Billionaire investor Daniel Loeb’s latest criticism of Sony Corp. (6758)’s film and TV studio may be borne out this week as first-quarter profit evaporates following big-budget flops at the box office.
The maker of Xperia smartphones and PlayStation consoles may break even when it announces results Aug. 1, according to the average estimate of three analysts surveyed by Bloomberg News. Sony, the world’s box-office leader last year, generated $425.8 million in ticket sales during the quarter, less than half of a year earlier, according to data compiled by Bloomberg.
Since Loeb’s Third Point LLC recommended selling off part of the entertainment unit in an initial public offering, the studio has released box-office disappointments in “After Earth” and “White House Down.” Chief Executive Officer Kazuo Hirai is focused on unprofitable electronics while entertainment needs closer supervision amid a lack of franchises and bloated costs, the hedge fund said in its quarterly investor letter.
“Given entertainment’s perpetual underperformance, perhaps Sony’s reluctance to discuss it candidly stems from (understandable) embarrassment,” Loeb wrote. “We are also surprised that Sony’s CEO does not worry that entertainment continues to generate profitability levels far below those of its competitors.”
Sony posted net income of 93.9 billion yen ($956 million) in the March quarter, compared with a loss of 24.6 billion yen a year earlier.
Full-year net income is projected to total 55.3 billion yen for the 12 months ending March 2014, according to the average of 17 analyst estimates compiled by Bloomberg. That’s in line with the company’s May projection of 50 billion yen.
The film unit didn’t have a movie in the top 5 in the June half, according to data from Box Office Mojo and Morgan Stanley.
Sony Pictures Entertainment “is characterized by a complete lack of accountability and poor financial controls” under Sony Entertainment Chief Executive Officer Michael Lynton and studio co-Chairman Amy Pascal, Third Point LLC said.
Sony’s board has agreed to consider Loeb’s proposal to sell part of the entertainment unit in an IPO. Hirai has stressed the importance of ties between electronics and the entertainment business.
“Sony is focused on creating shareholder value by executing on our plan to revitalize and grow the electronics business, while further strengthening the entertainment and financial services businesses, which generate stable profit,” Jim Kennedy, a New York-based spokesman for Sony, said in an e-mailed statement.
After topping U.S. movie sales last year, Sony has fallen to sixth this year, according to researcher Box Office Mojo.
Third Point, based in New York, said in May that it held a Sony stake valued at $1.1 billion, and since then it has been pushing Loeb’s plan. An independent board and shareholders would lead to more disciplined and accountable management at Sony’s Culver City, California-based movie and television studio, Loeb has said.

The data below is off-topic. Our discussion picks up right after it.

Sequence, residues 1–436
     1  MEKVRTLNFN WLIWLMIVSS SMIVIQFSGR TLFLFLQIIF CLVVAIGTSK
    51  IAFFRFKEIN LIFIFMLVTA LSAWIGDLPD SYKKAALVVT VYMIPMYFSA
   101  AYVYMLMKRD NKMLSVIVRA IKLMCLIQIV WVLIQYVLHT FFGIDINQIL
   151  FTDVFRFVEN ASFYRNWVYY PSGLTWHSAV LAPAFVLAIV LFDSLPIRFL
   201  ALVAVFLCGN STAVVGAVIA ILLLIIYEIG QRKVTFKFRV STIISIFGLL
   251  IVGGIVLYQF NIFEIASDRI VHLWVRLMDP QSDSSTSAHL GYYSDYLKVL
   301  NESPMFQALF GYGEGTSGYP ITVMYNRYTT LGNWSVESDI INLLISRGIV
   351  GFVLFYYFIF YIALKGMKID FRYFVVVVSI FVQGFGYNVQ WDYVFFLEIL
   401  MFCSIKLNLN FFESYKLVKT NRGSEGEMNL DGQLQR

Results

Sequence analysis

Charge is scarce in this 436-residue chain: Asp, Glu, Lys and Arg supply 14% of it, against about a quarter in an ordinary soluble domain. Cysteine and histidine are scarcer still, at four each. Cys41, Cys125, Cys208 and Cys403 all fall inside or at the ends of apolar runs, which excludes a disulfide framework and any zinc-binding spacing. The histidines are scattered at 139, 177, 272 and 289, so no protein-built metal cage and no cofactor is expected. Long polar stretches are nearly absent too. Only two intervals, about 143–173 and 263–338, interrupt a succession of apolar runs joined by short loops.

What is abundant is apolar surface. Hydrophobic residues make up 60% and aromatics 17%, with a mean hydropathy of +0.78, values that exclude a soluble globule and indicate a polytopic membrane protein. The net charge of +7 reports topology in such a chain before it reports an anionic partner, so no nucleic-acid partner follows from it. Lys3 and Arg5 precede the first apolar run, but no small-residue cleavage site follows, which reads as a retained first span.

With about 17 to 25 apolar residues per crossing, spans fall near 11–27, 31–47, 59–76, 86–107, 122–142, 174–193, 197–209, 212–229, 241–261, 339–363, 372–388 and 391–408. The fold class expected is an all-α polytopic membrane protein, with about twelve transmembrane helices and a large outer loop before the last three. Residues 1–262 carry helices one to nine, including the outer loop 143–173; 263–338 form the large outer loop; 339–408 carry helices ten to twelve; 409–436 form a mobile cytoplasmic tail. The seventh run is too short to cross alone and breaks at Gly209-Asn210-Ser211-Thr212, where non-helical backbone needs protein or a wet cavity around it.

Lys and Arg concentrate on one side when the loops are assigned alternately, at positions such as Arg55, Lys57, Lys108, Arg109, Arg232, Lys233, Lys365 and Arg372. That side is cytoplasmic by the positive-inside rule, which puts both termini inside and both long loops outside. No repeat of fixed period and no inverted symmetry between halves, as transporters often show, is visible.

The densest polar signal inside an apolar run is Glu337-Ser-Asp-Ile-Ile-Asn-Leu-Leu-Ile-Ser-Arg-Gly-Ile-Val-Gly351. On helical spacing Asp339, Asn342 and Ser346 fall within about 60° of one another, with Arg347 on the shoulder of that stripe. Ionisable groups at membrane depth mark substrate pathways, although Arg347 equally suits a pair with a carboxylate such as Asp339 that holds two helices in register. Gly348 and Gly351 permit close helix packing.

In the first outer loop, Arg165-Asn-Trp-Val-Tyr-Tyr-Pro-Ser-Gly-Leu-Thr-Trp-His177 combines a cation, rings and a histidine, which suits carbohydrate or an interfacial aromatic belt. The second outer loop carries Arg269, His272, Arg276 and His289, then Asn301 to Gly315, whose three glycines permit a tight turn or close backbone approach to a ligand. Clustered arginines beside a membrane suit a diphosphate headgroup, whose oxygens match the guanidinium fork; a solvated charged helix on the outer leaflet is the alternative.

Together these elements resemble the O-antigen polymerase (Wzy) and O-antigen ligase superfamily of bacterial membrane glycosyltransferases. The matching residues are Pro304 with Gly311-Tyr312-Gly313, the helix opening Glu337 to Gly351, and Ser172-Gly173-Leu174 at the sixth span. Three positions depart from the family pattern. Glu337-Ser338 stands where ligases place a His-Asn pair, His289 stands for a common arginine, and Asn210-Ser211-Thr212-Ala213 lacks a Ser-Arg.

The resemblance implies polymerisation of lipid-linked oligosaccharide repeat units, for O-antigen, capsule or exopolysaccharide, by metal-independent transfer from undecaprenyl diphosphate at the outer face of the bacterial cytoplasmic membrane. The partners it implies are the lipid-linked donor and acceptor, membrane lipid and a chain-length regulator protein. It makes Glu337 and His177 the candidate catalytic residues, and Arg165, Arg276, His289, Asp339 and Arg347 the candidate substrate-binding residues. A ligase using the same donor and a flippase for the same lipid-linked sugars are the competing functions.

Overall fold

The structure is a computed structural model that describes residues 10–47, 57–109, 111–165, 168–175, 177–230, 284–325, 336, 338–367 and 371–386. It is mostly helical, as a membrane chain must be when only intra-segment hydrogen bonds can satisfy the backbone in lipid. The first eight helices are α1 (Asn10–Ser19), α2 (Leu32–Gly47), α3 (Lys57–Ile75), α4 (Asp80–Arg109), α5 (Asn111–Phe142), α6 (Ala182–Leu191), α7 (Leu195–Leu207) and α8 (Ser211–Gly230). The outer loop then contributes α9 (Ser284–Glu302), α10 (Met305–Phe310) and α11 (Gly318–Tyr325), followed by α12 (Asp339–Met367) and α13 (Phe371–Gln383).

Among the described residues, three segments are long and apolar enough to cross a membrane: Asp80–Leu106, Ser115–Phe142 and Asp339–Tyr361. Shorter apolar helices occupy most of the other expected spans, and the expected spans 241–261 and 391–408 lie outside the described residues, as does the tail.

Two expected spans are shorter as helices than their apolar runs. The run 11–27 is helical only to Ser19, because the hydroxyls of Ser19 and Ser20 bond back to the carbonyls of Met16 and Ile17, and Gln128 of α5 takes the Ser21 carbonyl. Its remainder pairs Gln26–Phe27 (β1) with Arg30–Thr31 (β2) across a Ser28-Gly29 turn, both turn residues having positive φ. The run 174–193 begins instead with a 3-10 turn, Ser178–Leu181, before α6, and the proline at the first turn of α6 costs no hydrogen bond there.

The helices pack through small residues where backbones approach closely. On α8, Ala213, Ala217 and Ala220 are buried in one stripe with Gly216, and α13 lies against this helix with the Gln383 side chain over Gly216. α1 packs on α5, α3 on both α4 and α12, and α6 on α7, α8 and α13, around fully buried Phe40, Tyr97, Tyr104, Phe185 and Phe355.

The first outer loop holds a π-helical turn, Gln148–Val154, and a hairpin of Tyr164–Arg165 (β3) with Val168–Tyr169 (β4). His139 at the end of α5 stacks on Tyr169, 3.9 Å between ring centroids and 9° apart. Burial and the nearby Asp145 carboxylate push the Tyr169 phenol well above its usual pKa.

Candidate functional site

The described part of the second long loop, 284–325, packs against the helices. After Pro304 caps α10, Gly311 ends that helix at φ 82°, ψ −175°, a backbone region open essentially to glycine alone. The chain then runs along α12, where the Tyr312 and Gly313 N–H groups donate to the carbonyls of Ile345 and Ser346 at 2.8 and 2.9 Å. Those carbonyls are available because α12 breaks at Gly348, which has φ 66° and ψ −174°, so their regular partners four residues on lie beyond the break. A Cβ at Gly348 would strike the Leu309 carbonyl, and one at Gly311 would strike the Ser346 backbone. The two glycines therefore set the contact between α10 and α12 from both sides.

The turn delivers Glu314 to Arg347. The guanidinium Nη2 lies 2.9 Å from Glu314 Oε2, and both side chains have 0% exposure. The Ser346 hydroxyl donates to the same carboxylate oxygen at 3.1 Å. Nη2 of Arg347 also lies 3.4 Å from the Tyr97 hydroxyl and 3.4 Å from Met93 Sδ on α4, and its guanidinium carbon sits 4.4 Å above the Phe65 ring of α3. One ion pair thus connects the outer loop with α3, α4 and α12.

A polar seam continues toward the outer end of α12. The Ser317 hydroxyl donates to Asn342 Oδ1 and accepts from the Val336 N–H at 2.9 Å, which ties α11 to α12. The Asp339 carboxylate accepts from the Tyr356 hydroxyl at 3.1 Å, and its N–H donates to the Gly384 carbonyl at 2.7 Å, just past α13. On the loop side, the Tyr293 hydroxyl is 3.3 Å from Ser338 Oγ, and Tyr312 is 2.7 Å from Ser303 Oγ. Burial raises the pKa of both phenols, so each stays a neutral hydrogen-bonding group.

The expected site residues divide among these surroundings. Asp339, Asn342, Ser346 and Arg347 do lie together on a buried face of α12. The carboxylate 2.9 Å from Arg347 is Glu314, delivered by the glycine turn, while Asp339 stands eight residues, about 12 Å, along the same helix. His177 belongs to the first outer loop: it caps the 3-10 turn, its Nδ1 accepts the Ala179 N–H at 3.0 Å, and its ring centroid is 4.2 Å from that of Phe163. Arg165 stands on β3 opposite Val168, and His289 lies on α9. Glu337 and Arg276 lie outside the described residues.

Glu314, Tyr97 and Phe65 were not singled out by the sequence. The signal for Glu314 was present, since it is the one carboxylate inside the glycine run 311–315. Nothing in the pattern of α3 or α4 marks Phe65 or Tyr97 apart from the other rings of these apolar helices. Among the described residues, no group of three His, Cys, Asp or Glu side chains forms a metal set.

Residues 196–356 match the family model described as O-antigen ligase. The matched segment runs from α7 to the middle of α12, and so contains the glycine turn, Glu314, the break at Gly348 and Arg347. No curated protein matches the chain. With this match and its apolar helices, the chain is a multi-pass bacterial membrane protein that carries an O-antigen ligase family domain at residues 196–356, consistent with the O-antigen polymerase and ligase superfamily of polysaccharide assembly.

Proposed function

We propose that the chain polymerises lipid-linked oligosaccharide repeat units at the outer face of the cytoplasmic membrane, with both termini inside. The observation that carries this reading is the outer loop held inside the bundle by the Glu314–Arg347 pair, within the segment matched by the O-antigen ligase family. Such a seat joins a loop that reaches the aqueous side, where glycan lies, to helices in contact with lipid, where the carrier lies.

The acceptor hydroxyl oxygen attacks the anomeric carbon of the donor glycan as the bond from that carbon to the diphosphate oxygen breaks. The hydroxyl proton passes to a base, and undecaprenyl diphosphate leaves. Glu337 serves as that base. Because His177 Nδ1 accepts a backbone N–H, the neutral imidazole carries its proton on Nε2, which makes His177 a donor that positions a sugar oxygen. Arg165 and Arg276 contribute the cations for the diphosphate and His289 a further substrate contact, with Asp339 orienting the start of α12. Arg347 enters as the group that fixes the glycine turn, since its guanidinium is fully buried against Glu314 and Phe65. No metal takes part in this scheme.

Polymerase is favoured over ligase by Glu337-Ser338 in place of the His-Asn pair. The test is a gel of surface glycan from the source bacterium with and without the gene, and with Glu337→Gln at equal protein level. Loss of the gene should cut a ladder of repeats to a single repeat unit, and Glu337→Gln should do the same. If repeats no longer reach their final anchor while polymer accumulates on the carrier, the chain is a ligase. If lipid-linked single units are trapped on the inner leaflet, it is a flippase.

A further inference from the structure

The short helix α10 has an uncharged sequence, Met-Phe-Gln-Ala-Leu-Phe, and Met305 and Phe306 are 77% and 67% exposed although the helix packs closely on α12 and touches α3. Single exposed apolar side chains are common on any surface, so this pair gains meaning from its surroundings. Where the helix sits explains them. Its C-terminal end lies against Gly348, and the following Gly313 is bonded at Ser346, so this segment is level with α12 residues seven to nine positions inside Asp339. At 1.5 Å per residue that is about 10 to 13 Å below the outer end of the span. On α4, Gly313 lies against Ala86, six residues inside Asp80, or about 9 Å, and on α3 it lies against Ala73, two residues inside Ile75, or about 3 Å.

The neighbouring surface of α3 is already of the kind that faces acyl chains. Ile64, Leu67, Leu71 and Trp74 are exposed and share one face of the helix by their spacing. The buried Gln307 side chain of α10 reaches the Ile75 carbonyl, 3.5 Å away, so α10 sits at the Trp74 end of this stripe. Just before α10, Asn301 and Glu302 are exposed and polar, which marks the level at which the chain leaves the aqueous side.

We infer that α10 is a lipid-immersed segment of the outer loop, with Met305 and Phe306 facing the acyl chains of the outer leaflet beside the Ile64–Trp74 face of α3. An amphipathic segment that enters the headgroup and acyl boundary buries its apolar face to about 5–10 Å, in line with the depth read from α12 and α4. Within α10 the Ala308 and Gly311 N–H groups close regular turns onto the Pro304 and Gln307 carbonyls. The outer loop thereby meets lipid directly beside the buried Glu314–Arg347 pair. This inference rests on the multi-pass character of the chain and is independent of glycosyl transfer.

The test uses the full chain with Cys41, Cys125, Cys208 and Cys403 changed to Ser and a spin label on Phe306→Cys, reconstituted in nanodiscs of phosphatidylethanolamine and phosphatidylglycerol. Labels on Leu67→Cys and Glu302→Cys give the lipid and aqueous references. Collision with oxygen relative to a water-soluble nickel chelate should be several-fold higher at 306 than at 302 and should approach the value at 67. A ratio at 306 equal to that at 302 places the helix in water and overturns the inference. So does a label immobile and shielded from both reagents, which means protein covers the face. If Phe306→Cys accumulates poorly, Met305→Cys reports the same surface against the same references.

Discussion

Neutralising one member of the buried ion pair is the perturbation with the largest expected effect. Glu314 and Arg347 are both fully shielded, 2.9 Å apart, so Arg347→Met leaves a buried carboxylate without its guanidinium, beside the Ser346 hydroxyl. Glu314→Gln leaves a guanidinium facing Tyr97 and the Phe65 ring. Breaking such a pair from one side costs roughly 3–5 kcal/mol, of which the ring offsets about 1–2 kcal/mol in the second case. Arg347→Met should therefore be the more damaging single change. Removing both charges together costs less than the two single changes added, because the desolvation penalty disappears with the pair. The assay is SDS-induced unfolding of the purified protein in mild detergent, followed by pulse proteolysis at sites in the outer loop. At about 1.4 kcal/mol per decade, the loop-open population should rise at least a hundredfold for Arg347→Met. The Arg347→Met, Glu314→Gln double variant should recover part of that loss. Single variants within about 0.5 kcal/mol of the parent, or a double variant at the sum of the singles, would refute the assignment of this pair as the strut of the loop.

Third Point owned 70 million shares through direct ownership and cash-settled swaps as of mid-June, and is interested in representation on Sony’s board, it said in a June 17 letter to Hirai. The holding represents about 6.9 percent of outstanding shares, up from 64 million shares in May.
Sony’s U.S.-traded American depositary receipts rose 1.8 percent today to $21.63 in New York.
“Entertainment business in general is often about luck,” said Keita Wakabayashi, an analyst at Mito Securities Co. in Tokyo. “Sony talks about what movies in progress but it’s hard to make a precise estimate out of information given.”
Music and film-studio earnings before taxes, interest, depreciation and amortization at Sony trail industry peers, according to Loeb. In yesterday’s letter, he compared “White House Down” and “After Earth” to two epic Hollywood busts, “Waterworld” and “Ishtar.” In light of the results, he said Third Point was surprised that Hirai told reporters entertainment was “doing just fine.”
“White House Down,” an action movie with Channing Tatum and Jamie Foxx, was made for $150 million and garnered $116.4 million in global ticket sales, according to Box Office Mojo. “After Earth,” with a production budget of $130 million, has generated $235.9 million in worldwide sales.
Production budgets don’t include marketing spending, which adds to the cost of putting out a movie. Receipts from box-office sales are typically split between studios and theaters.
Sony had a success in June with “This Is the End,” which cost $32 million to make and has generated $107.6 million in global ticket sales.
Loeb was kinder yesterday toward Sony’s effort to revive Sony hardware division than in a May 14 letter that cited “persistent losses” in electronics.
The strong momentum in introducing the Xperia line of smartphones has been accompanied by a perfectly executed introduction of the PlayStation 4, Third Point’s letter said. The game and mobile-products divisions may contribute profit, while televisions exert less of a drag on earnings, Third Point said.
“Sony has made notable efforts and operation has improved but the speed of migration of consumers to mobile products is even faster,” said Yasuo Nakane, an analyst at Deutsche Bank Group. “It’s tough for the company as its cameras, camcorders, games, smartphones, TVs, personal computers and tablets are cannibalizing each other.”